Vevo is keeping its eyes open for a buyer, but Re/code reported that the platform is trying to make internal changes first to make it a more appealing target. Vevo is a joint venture from Universal and Sony that provides video hosting for its library of 100,000 high-definition music videos. The service says it generates nearly 7-billion views a month, and a large portion of those views are YouTube music videos.
The company doesn’t turn a profit because a huge percentage of the revenue it receives from ads goes to labels, publishers, and Google. Few potential buyers would have the available cash flow and the resources to overhaul the service, and those at the helm of Vevo know that the current practices will scare away suitors. Financial advisers have reportedly told Vevo that if Universal and Sony take a smaller revenue share, that would improve the odds of generating profit for new owners.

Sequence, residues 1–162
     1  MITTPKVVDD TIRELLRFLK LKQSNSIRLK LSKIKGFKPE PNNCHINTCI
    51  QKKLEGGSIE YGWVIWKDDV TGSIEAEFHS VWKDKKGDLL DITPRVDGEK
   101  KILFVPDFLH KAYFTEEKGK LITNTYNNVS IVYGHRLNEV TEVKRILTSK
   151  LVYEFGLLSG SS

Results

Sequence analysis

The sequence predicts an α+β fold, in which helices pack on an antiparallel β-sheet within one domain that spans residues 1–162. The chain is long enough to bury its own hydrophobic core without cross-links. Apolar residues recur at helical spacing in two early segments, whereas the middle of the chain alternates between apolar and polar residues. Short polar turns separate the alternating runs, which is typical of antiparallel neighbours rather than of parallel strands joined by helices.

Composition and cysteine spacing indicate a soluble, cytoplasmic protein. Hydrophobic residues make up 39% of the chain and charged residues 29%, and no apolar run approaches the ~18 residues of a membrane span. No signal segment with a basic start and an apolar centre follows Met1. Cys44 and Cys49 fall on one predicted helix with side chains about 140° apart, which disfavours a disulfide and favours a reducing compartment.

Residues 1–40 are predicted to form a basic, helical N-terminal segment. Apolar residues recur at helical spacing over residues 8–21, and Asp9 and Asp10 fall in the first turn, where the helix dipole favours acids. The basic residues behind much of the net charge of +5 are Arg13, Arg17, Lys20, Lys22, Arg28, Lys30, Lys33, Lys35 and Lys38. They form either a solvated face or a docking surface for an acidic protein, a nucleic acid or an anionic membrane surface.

Vevo might be faced weith a shrinking window of opportunity. Although the platform carries some original content, part of its user value is its re-purposing of YouTube music videos. Users seeking a purely musical video experience are given a prettier and more easily navigable environment than the jungle of YouTube. But carving out music and presenting it coherently is presumably the purpose of Google’s upcoming YouTube subscription music service, set to launch this year — possibly this summer.
Whenever the new YouTube music platform goes public, and whatever it looks like, it will be blockbuster — a titanic boulder dropping into the the waters of streaming audio. It could displace Vevo’s audience substantially, devaluing a service already in the red financially.